Review: Nowhere Hall

By Josh Reynolds

Gardner, Cate. Nowhere Hall. Spectral Press, 2011; Limited Edition (Sold Out).

Answers are in short supply in Cate Gardner’s latest offering, Nowhere Hall, but the questions come in all flavours of weird. The eponymous hall, the Vestibule, is a sour patch, a ruined hotel where ghosts waltz through corridors of peeling wallpaper and worse things wait in the corners of a place that only barely clings to the frayed edges of reality.

Enter Ron No-Last-Name-Given, a man whose contemplation of death borders on the practical rather than the theoretical, and whose memories, hopes and fears find new life within the Vestibule when he is drawn inside to confront the malignant presence known as the “Umbrella Man”, for reasons unrevealed until the climax. While the identity of the Umbrella Man is never explicitly spelled out, it is obvious enough, though happily, this does not affect the story in any way, save to add inevitable weight of the climax.

Gardner’s trademark style is in full flower in Nowhere Hall, where lyrical and often-startling imagery is on display on every page. The story is simple enough, but the overflow of sensation and vibrant description elevates Nowhere Hall from a simple twist on the standard haunted house trope to something more malevolently sublime. Gardner’s style evokes the haze of a waking dream, sliding nonsensical images into the reader’s view with neither explanation nor justification. It serves to create a strong sense that anything can and just might happen.

A slim volume clocking in at only 25 pages, Nowhere Hall packs a book-length punch, nonetheless. The story begins in situ, in a miasma of suicidal thoughts and flickering images that serves to establish the disorientation of the protagonist, the simply-named ‘Ron’, and inflict a modicum of confusion on the reader. Who is Ron? Why is he, at this time, thinking these things? There are no answers, though there are hints aplenty as the novella progresses. While Ron’s viewpoint is the one the reader is hooked to, there is no guarantee that what the increasingly frightened man is seeing is anything other than a delusion born of depression.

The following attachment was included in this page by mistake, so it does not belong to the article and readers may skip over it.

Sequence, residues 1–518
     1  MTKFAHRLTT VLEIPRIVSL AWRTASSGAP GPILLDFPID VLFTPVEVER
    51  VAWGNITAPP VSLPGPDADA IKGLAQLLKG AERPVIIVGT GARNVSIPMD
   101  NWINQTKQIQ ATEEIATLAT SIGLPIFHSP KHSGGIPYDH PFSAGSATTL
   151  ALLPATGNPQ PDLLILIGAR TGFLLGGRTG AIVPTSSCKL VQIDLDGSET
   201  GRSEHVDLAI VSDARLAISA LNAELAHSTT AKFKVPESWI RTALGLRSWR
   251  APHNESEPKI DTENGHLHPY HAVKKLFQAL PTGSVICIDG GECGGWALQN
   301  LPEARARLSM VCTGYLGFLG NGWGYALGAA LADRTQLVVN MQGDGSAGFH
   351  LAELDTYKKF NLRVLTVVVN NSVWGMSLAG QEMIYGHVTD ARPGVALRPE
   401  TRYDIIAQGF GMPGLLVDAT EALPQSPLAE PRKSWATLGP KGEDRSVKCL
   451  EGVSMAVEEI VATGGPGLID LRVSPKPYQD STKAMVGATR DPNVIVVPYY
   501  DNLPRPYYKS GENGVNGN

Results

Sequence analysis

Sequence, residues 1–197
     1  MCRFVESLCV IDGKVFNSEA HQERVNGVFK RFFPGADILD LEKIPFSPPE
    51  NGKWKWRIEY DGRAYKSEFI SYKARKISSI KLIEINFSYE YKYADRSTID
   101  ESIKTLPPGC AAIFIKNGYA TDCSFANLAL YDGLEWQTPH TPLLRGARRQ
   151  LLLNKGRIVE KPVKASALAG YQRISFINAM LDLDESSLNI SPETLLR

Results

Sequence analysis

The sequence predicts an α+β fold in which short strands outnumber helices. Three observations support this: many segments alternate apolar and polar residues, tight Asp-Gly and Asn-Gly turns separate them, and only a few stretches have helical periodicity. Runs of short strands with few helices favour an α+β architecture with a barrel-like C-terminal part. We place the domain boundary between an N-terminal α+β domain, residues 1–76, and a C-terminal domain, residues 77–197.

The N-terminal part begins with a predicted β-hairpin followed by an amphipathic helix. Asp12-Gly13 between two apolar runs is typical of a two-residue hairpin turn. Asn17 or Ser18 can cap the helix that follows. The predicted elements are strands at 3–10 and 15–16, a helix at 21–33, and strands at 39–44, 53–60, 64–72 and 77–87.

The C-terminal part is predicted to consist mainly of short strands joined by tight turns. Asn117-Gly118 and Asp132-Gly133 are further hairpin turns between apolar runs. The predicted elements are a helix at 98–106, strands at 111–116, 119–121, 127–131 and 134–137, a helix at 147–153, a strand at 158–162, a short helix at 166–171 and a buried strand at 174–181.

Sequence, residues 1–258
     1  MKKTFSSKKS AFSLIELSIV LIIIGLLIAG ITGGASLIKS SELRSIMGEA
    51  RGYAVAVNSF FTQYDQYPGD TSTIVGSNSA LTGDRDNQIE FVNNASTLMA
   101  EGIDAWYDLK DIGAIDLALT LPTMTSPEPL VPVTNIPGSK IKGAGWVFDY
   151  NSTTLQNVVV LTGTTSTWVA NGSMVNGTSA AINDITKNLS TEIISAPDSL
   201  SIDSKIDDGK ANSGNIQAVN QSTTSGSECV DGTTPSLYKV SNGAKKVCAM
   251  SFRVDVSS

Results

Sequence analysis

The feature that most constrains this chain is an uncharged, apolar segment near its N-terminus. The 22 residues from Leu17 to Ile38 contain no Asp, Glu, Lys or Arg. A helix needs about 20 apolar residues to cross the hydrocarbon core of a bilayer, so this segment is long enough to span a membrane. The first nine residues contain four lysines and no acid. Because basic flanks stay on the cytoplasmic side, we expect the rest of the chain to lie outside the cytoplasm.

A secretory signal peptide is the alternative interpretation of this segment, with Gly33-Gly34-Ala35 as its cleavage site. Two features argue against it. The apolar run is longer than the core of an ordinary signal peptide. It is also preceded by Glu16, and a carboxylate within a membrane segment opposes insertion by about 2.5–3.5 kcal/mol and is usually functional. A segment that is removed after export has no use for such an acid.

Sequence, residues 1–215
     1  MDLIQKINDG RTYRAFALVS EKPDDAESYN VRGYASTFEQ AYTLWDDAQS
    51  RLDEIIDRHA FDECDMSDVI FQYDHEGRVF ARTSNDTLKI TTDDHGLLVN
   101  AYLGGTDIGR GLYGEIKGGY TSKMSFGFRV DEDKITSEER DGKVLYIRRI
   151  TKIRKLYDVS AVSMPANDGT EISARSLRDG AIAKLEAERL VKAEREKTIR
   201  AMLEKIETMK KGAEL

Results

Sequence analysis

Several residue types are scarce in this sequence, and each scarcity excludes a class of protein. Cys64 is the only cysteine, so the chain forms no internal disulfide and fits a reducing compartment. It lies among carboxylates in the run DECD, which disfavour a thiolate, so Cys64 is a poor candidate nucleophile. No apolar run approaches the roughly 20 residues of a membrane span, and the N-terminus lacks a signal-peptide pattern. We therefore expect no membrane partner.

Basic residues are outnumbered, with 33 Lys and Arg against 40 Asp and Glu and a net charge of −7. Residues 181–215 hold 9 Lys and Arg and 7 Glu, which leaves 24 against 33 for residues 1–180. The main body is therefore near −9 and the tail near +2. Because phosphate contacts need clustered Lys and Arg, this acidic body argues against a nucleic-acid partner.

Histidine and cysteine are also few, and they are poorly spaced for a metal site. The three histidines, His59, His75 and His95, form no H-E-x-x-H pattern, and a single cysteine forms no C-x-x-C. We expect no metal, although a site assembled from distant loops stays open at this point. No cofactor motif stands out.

After Ron has entered the Vestibule, the stage shrinks to pinpoint presentation and the larger world lies forgotten, as the path unspools ahead. The imagery shifts from the vibrant to the surreal, without changing gears, as Ron discovers that what he knows or what he thinks that he knows are not necessarily what is.

Within the setting of the Vestibule, Gardner creates a world which is, at once, both wide open and claustrophobically self-contained. Hints and teases of greater events intrude on Ron’s self-pitying spiral into the Umbrella Man’s clutches, and Gardner tantalizes the reader with a mythology that promises to explain everything about the Vestibule, its mysterious doorman, and the inhabitants that haunt its halls, if only Ron would…just…look…over…there.

Fortunately, Gardner is adept at pulling back the curtain just enough to give the audience a taste of the wonders on display without spoiling the show. Ron never looks, or, at least, never looks long enough or fast enough to see what follows him. But the implication of pursuit is enough for the reader. Something is happening within the Vestibule, but Ron – and, by association, the reader – is not privy to what that might be, or what it has to do with a young woman of his acquaintance.

As stated above, answers for the multitude of questions that spring forth from an initial reading of Nowhere Hall are in short supply. If anything, the climax – at once surprising, disheartening and yet, strangely hopeful – only adds a final link to the chain of confusion that entangles the reader. Questions are answered in Gardner’s work with subtle nods or slow winks, and glorious showmanship distracts from the absence of hard ground. Nonetheless, the story is solidly constructed and the pace is anything but slow. Despite the sheer amount of story that Gardner packs into Nowhere Hall, the story never feels as if it’s slow or dragging.

In part, this is due to Gardner’s world-building: Her world is one of slippery construction, changing from one thing to the next in the blink of an eye or the turn of a page, with a dream-like haze that lulls the reader down false corridors into nightmare conclusions. There is no safety to be had, whether in the halls of the Vestibule or out, and the only surety to be had is that the Umbrella Man always wins in the end, whether you escape him or not.

Nowhere Hall was a limited edition available from Spectral Press in 2011. While it is sadly now sold out, Cate Gardner’s other works, including an anthology of her collected short fiction, Strange Men in Pinstripe Suits & Other Curious Things, are available via her website.